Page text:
I have created a private/public dsa-keypair. I've put the public key on the server in


Everything is set up like my other server, but it seems like the server is just ignoring my efforts.

  • Check /etc/ssh/ssh_config and /etc/ssh/sshd_config to verify that nothing you want is disabled. – Kristopher Johnson Apr 30 '09 at 11:21
  • You will want to check sshd_config too. – Vagnerr Apr 30 '09 at 12:27
  • Thanks. I updated the answer (which originally mentioned only ssh_config). – Kristopher Johnson Apr 30 '09 at 12:55
  • All of the above discussions are perfect for if you're using an openssh style of ssh. If you're system is using ssh2 then it has a totally wacky different way to manage keys. This article discusses the hows and whats. burnz.wordpress.com/2007/12/14/… – chris Jun 25 '09 at 2:13
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    Usually checking /var/log/auth.log on Debian systems or /var/log/secure on RedHat ones should give you a clear advice of what is misconfidured (usually permissions problems) – Giovanni Toraldo May 31 '13 at 23:48

Although your problem may have already been solved by other answeres, I've locked myself out of enough machines from not validating sshd_config changes before signing off so have come up with the below process that might be useful for future debugging of sshd config changes:

DO NOT DISCONNECT an active ssh connection until AFTER testing has verified behaviour is as you expect.

a. verify what you think sshd is supposed to be doing

b. verify the configuration is valid using "-t"

c. start a verbose 'test' version of the server you can live monitor

d. start a verbose 'test' client connection you can live monitor

a. verify what you think sshd is supposed to be doing

Review the sshd configuration file without all the commentary with something like the below (assuming sshd_config is the correct file and in /etc/ssh)

$ grep -v "^#" /etc/ssh/sshd_config | grep -v "^$"

This just clears things out so we verify what we think we're changing (not necessarily whether it is correct or not.)

b. verify the configuration is valid using "-t"

From the man page of the sshd's I'm using,

-t Test mode. Only check the validity of the configuration file and sanity of the keys. This is useful for updating sshd reliably as configuration options may change.

Other changes can have more subtle circumstances. For example, do not disable password authentication until you are sure that the public key authentication is working correctly.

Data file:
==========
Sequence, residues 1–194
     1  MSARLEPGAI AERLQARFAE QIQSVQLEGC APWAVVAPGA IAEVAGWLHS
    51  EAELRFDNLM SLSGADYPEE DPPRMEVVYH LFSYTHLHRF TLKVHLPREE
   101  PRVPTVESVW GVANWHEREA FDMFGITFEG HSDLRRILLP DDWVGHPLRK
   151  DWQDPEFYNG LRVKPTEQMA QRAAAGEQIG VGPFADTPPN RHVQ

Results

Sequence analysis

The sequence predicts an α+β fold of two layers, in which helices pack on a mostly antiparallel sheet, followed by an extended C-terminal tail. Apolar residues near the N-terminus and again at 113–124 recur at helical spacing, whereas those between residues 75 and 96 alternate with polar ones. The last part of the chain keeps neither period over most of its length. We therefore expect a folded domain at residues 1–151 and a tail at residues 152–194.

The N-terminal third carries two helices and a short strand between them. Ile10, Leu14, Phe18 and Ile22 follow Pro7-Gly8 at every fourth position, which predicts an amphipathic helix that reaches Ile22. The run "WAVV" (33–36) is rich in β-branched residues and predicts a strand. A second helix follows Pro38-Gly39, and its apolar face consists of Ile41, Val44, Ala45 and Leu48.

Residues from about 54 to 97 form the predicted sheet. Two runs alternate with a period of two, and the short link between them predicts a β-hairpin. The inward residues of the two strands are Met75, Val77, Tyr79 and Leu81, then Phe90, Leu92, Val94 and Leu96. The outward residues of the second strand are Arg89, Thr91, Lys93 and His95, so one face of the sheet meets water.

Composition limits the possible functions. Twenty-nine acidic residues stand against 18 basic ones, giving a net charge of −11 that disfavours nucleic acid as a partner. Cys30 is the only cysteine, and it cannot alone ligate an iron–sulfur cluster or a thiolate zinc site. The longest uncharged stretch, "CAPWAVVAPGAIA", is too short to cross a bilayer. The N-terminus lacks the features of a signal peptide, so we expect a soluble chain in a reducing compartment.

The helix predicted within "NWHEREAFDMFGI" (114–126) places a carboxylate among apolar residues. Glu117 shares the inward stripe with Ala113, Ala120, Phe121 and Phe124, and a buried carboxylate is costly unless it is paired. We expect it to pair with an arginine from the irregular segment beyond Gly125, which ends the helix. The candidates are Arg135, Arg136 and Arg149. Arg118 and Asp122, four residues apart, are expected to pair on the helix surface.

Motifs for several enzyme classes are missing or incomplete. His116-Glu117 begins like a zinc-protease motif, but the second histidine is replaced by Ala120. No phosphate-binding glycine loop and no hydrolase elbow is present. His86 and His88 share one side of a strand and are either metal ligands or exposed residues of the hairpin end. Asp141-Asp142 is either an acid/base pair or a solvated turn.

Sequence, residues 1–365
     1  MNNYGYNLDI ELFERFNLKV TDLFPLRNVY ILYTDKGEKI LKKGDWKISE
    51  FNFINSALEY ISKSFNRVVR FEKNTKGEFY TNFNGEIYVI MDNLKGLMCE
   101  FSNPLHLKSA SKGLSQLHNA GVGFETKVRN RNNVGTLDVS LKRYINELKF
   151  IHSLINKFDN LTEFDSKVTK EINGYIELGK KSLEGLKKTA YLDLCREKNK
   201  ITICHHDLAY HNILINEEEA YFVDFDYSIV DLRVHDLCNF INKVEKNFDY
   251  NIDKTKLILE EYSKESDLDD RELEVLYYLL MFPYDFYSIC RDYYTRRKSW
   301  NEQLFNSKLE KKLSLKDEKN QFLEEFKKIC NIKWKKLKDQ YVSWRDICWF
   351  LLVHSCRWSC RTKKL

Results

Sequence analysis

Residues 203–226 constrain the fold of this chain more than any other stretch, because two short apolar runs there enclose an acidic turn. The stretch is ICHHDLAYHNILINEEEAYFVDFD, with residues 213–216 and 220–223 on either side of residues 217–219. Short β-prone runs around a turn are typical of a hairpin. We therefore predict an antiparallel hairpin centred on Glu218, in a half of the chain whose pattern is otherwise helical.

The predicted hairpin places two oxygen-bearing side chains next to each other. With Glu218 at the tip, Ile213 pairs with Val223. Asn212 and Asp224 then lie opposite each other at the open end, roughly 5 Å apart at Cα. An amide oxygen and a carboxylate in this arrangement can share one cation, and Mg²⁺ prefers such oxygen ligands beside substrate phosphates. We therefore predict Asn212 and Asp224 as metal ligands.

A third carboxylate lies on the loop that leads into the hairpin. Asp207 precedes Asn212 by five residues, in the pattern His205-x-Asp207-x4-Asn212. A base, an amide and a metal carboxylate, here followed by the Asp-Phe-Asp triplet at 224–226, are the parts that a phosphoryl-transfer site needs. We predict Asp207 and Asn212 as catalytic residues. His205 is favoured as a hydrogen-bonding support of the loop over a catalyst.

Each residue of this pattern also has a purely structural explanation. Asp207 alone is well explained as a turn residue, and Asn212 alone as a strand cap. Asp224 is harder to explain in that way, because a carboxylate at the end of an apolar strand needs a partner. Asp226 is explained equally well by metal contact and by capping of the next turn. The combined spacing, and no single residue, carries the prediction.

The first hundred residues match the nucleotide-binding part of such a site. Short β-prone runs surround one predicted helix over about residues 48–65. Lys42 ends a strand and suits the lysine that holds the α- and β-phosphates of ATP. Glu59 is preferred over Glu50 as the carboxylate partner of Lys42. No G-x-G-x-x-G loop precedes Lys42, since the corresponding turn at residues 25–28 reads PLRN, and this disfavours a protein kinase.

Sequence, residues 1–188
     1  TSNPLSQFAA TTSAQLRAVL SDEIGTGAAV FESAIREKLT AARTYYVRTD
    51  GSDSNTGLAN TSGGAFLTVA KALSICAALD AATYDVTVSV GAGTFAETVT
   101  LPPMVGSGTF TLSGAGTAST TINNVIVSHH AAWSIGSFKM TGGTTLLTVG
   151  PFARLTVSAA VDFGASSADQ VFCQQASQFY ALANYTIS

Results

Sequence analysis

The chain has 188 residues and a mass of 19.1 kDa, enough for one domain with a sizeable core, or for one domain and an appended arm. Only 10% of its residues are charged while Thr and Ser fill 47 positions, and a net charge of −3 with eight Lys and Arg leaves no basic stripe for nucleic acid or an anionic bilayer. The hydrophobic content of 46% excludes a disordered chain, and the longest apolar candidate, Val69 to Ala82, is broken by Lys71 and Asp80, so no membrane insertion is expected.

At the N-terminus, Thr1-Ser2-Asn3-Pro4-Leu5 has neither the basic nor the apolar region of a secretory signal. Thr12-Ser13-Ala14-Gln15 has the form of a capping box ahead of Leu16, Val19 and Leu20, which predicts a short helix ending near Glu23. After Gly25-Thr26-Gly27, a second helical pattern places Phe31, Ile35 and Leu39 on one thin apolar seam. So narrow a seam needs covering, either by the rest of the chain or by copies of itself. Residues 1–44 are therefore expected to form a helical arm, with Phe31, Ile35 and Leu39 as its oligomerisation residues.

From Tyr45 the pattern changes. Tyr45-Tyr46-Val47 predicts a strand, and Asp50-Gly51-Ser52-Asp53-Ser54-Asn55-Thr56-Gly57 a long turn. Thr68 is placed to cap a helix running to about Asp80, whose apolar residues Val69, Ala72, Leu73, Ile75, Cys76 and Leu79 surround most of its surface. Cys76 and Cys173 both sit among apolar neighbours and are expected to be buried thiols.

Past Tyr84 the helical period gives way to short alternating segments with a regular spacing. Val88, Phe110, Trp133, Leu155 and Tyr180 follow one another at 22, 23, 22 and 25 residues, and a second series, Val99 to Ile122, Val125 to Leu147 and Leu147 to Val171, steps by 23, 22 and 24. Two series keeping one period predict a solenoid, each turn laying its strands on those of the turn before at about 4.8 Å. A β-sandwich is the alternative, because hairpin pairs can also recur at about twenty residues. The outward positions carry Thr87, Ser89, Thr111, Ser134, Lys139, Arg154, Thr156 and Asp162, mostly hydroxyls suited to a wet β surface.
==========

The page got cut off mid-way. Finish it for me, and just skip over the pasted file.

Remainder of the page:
c. start a verbose 'test' version of the server you can live monitor

$ sudo /usr/sbin/sshd -ddd -p 9999

This keeps your existing, working session active, but gives you another instance of sshd to verify your new configuration changes. SSHD is now running in the foreground to a user-defined port (9999 in our example.) and pushing a lot of noisy debug information you can track in /var/log/authlog (or possibly /var/log/auth.log depending on your OS.)

d. start a verbose 'test' client connection you can live monitor

Run the ssh client connection in verbose mode to display on your screen more information that might lead you to better debugging your error.

$ ssh -vvv -p 9999 server-name

You should now have enough information in either the server's log files, or the client's connection screen to isolate your problem.

The solution generally comes down to file permissions (as shown by Magnar and setatakahashi)

Best of luck

  • I guess you should also check the ssh_config file on the client end to make sure it is doing what you expect. Use something like the below to grep out comments: > grep -v "^#" /etc/ssh/ssh_config | grep -v "^$" – samt May 25 '09 at 22:55
  • Well, the client ssh configuration can be fixed at anytime, it's the server you get locked out of if you configured it wrong. – Soviero Feb 4 '12 at 18:09

The server will ignore your authorized_keys file if the owner properties are wrong. Changing it to this fixes it:

chmod 0700 ~/.ssh
chmod 0600 ~/.ssh/authorized_keys
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    ssh -vvv -l username server.domain will tell you if your sending a valid key – Dave Cheney Apr 30 '09 at 11:23
  • Sometimes I've seen sshd complain about bad permissions on the home directory - so I'd add "chmod o-rwx ~" (or at least "chmod o-w ~") to the list as setatakahashi did. This usually becomes obvious when the logfile is monitored - the error messages I've seen there always pointed in the correct direction. – Olaf May 24 '09 at 14:46
  • This answer seems the most likely, but Dave Cheney's comment is the only way to see what's really going on. Also check server logs. – dwc May 24 '09 at 15:07
  • This was my problem. I beat my head on this for hours. Thanks so much! – Sam Soffes Nov 5 '10 at 4:58
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    This did the trick, but my previous permissions were 0775 and 0644 respectively. Why did reducing the permissions help? Is this a security precaution that's configured somewhere? – Dean Jun 24 '12 at 18:30

$ chmod 700 ~

$ chmod 700 ~/.ssh

$ chmod 600 ~/.ssh/authorized_keys

Check for these attributes in /etc/ssh/sshd_config

$ sudo grep PubkeyAuthentication /etc/ssh/sshd_config

$ sudo grep Protocol /etc/ssh/sshd_config

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    Excellent point about ~, you must make sure that nobody other than yourself can write to your home directory, otherwise they could rename your ~/.ssh directory – Dave Cheney Jun 25 '09 at 2:53
  • that last chmod should be: $ chmod 600 ~/.ssh/authorized_keys not $ chmod 600 ~/.sHh/authorized_keys – SooDesuNe Feb 3 '12 at 3:03
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    what should the attribute values be? – Michael Apr 27 '15 at 0:05

Another important pitfall..

If your home directory is encrypted sshd will not have access to ~/.ssh/authorized_keys..

See this answer

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